Emerging Energies of Wisconsin LLC has filed an application with Wisconsin utility regulators seeking to construct a 102.5-MW wind project, despite suspended wind siting rules that have roiled the state’s wind industry.
The application comes at a time when state rules for wind power remain in limbo, following the March decision by a Wisconsin legislative committee to suspend wind farm siting rules as they were set to go into effect. The rules had been approved by the Wisconsin Public Service Commission after years of negotiations.
Leading up to the suspension, Wisconsin Gov. Scott Walker had proposed an “overhaul” of the state’s wind energy siting rules that would have moved the setback distance for wind farms to at least 1,800 feet unless property owners agreed in writing, but the wind energy industry and its supporters objected, saying it would slow down development in the state.
After suspending the rules, the Joint Committee for Review of Administrative Rules asked the PSC to see if a new agreement could be reached on the issue, but so far no proposal has been issued. If no agreement is reached by mid-March, the original rules would go into effect.
The situation since the suspension has been a political stalemate, with some developers – including Midwest Wind Energy LLC and Invenergy LLC – shelving projects citing regulatory uncertainty. Bills have been introduced to develop new rules, but so far no bills have moved forward.
“The PSC has been working with legislators, realtors and different groups,” PSC spokesman Matt Pagel told SNL Energy, adding that there is no formal rule process under way. “We are seeing if we can bridge the gap.”
Project boosted to 100 MW to move it under PSC’s authority
Emerging Energies of Wisconsin, in its application, said it is now filing for a certificate of public convenience and necessity “based on developments with the town of Forest,” which would host the majority of the project.
Specifically, the developer said that although 40 permits were issued by the town of Forest in February, a subsequent recall election resulted in a new town board that passed a new wind ordinance that sought to block the project.
Emerging Energies said it believes its permits remain valid, but William Rakocy, a founding member of Emerging Energies, said the company is increasing the size of the project from 97.5 MW to more than 100 MW in order to bring it under the PSC’s authority.
In an interview, Rakocy stressed that the application for the proposed Highland project also has setbacks of 1,250 feet from “non-participating residences,” a standard that has previously gained approval by the PSC.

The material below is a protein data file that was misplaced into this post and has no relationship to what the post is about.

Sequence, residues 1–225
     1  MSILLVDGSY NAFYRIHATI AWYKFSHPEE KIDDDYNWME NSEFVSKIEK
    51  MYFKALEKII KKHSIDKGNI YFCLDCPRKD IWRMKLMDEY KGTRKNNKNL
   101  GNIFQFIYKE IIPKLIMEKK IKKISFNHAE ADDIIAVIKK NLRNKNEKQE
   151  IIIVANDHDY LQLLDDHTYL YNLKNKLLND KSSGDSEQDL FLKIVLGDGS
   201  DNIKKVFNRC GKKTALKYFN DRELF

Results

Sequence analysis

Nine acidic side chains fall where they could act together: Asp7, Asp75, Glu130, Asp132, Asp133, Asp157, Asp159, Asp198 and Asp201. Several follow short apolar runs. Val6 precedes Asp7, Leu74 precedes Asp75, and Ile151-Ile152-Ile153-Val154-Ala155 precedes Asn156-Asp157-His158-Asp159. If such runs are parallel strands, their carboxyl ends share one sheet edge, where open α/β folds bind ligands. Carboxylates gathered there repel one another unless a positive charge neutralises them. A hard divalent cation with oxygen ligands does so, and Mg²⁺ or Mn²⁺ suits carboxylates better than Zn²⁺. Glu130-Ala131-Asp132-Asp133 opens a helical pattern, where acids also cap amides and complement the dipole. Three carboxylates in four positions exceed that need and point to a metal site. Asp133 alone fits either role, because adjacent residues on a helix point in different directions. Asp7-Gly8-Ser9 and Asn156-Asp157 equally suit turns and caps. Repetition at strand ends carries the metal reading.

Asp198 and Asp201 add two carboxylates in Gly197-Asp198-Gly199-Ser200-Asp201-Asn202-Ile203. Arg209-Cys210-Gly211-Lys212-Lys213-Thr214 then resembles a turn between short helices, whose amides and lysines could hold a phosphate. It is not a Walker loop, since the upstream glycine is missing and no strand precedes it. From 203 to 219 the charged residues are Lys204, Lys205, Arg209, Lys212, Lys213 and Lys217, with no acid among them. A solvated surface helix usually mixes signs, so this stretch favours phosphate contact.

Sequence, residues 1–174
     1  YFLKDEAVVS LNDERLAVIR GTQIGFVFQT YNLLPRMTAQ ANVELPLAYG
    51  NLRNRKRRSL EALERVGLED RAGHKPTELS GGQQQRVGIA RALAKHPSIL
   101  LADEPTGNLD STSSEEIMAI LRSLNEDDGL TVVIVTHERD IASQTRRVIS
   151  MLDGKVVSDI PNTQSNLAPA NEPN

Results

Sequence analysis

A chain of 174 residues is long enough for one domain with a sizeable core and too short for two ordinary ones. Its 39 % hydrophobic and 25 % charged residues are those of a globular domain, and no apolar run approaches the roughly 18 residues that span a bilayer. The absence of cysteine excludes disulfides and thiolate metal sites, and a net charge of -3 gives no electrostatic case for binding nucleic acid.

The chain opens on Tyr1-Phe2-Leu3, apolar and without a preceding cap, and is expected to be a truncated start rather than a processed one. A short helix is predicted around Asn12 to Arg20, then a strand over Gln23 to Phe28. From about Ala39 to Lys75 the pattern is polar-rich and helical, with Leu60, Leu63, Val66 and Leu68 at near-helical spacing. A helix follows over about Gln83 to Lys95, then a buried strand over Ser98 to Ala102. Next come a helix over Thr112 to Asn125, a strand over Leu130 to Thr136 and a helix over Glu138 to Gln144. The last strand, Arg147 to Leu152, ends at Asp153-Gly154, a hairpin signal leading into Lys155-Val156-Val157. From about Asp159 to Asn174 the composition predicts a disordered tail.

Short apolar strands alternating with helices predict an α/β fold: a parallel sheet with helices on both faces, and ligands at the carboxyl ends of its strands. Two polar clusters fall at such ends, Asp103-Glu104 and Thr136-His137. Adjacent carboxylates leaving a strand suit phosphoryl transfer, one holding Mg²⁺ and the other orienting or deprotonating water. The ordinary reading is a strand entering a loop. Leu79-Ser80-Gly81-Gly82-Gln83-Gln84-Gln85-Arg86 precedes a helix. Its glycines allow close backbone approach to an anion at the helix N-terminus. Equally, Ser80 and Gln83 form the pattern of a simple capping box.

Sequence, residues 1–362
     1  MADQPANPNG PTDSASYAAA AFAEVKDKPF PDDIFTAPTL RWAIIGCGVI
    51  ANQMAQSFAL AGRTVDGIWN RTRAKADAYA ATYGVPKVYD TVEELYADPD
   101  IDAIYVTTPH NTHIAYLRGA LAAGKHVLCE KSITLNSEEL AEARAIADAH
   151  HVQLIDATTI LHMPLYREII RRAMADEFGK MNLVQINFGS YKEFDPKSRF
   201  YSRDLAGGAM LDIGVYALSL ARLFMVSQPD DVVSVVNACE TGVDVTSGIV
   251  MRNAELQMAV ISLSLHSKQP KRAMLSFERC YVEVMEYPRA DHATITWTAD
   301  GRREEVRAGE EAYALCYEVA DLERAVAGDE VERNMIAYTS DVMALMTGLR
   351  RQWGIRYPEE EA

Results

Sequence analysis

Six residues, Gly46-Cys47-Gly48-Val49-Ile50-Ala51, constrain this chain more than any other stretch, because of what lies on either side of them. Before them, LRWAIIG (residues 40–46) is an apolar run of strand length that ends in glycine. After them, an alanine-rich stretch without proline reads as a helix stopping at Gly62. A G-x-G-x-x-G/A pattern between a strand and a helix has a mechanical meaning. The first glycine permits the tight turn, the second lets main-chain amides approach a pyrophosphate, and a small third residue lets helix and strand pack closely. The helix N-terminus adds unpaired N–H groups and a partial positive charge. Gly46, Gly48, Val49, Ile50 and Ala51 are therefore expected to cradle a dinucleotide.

“We have used that as a basis as we have developed our project; we honored that conservative guideline,” Rakocy said. “I suspect that perhaps the other developers (who suspended projects) had been working with the more typical 1,000-foot setback that had previously been used in the state, and so our belief is that as we move to the more conservative guideline of 1,250, that we have a respectable project here.”
Exactly how the PSC’s process will work, however, is not clear. The PSC’s process is not directly regulated by the previously approved local wind siting rules, but it said in a statement that it is statutorily required to consider whether an installation is consistent with its standards.
That means “the commission will need to at least consider whether the application is consistent with the standards in the promulgated, yet suspended, PSC 128 rules,” the PSC said in a Dec. 19 statement.
The Highland Wind Farm project would be in western Wisconsin in the northeast corner of St. Croix County. The farm’s facilities would be predominantly in Forest, Wis., with the exception of a substation and associated transmission to be constructed in Cylon, Wis.
As proposed the project consists of 41 turbines, with 52 possible turbine sites to choose from. The developer said in filings that it is in communication with several utilities and investors, but that no power purchase agreement is in place for the project. The power would likely be sold to one or more public, municipal or cooperatively owned utilities.
“It is probably going to take six months to a year for us to get any kind of a decision,” Rakocy said. “We don’t expect to be building until late in 2012 or 2013 and at that point in time we suspect that the needs and demands of our society and our state are probably going to change from where they are today and hopefully get better.”
The PSC has 30 days to determine whether the application is complete and 360 days to make a decision. (Docket No. 2535-CE-100)
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